In America, it is a fairly well-known historical fact that the legendary mob boss Al Capone was brought to justice not by uniformed officers of the Chicago Police Department, but by the punctilious accountants of the FBI. However, in England there were at least a few young men that didn’t have all the facts straight, and in the 1970s their pop group from Nottingham turned their romantic misunderstanding of American history into a historically dubious yet gloriously catchy hit record. Though it was never intended for the American market, Paper Lace’s “The Night Chicago Died” crossed the Atlantic and became a #1 hit on the U.S. pop charts on this day in 1974.
“The Night Chicago Died” was a story-song chronicling a deadly 1930s gun battle between Chicago cops and Al Capone’s foot soldiers on the “East Side of Chicago”—a battle that never happened on a side of Chicago which, if it existed, would lie beneath the surface of Lake Michigan. But if “The Night Chicago Died” failed to go through a rigorous fact-check process prior to its release, it was certainly understandable. Just weeks before their sole international hit topped the Billboard pop chart, Paper Lace had watched another potential hit stolen from them by an American group called Bo Donaldson and the Heywoods.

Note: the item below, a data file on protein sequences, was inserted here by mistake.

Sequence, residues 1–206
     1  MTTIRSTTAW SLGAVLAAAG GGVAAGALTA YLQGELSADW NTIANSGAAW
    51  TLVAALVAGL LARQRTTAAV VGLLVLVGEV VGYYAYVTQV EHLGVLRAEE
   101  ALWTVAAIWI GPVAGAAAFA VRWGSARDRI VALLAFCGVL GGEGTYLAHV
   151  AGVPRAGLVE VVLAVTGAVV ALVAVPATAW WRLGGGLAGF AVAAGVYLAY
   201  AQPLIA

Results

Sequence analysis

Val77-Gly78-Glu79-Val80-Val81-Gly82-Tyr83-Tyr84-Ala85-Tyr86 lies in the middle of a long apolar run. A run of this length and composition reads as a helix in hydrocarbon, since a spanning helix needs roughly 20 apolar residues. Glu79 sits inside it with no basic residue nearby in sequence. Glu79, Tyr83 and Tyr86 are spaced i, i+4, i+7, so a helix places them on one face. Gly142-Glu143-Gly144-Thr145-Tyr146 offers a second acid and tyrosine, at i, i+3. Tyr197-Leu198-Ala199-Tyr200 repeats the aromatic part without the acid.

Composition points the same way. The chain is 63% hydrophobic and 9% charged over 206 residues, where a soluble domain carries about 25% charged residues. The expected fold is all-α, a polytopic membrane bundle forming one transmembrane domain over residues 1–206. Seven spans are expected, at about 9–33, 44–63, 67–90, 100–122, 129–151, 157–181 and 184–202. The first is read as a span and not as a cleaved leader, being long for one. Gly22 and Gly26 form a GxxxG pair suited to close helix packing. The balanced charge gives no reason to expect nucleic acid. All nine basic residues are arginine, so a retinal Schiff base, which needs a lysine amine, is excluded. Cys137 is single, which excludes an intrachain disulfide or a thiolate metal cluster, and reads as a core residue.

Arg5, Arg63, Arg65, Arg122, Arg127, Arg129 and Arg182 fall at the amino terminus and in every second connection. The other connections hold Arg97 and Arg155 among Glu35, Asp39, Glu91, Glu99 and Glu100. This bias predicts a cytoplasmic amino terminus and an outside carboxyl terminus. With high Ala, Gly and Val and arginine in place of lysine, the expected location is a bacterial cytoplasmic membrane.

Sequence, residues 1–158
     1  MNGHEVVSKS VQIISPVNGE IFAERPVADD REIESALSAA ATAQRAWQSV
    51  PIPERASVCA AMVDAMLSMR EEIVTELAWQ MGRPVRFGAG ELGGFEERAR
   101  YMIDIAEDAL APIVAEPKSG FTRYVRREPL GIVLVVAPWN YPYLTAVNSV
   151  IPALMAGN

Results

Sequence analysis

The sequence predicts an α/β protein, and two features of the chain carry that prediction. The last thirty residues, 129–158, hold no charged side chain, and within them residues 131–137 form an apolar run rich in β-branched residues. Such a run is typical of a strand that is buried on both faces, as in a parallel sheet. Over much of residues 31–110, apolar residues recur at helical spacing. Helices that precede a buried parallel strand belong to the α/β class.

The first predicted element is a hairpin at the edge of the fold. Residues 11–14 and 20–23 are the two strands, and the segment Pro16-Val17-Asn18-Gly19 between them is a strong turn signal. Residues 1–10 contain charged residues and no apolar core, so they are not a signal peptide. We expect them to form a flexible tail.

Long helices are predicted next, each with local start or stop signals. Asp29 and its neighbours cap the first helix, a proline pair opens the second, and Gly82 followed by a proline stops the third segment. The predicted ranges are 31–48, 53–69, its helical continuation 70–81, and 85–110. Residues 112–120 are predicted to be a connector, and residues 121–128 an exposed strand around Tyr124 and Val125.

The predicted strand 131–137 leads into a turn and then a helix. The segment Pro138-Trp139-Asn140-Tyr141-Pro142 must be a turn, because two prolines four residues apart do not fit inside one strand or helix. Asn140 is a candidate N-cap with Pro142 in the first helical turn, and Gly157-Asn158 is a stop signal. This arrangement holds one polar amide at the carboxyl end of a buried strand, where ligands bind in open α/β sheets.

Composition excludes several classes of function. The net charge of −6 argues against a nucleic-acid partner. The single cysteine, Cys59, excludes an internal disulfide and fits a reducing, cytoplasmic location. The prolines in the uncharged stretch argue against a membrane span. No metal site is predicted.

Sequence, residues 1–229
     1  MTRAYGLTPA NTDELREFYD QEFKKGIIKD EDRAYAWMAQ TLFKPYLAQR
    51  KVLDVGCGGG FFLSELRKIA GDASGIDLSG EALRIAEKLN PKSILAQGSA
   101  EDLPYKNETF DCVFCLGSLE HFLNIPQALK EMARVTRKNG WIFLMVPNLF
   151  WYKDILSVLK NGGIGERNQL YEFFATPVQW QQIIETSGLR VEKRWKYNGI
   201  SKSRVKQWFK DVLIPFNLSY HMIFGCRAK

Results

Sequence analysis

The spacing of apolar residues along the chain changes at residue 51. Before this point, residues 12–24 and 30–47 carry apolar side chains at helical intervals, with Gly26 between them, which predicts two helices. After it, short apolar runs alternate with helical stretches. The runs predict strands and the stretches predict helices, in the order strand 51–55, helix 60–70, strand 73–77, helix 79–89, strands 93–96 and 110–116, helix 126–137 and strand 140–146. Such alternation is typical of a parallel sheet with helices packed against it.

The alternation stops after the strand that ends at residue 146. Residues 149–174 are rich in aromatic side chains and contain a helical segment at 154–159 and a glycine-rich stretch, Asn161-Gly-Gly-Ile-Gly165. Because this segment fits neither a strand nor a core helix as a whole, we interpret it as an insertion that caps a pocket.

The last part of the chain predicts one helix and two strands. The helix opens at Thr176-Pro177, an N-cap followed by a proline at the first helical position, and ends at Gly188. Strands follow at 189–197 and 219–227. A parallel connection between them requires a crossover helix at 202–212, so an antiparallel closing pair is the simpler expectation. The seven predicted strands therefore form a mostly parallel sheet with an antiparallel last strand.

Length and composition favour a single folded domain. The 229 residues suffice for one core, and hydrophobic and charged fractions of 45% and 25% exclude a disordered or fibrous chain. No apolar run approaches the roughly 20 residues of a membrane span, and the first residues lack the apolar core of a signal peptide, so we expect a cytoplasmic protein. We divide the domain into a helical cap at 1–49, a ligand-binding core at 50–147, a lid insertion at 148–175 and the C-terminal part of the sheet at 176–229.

The song that should have made Paper Lace a two-hit wonder in the United States was “Billy Don’t Be A Hero,” a Civil War epic pop song written by Paper Lace’s Mitch Murray and Peter Callandar. Though it was a #1 hit for Paper Lace in the UK in March 1974, before their version of “Billy Don’t Be A Hero” could be released in the United States, the song was snatched up and re-recorded by Bo Donaldson and they Heywoods, who turned it into their one and only smash hit in June of that year.
Paper Lace took no chances with “The Night Chicago Died,” which was released in the United States before any competing cover version. Songwriter Mitch Murray later acknowledged, however, that Bo Donaldson’s “theft” of what could have been Paper Lace’s #1 hit may have helped them eventually to get there. As he later told Billboard magazine, “People took notice of us because we were beaten to the post. It made more of a story for DJs to talk about.”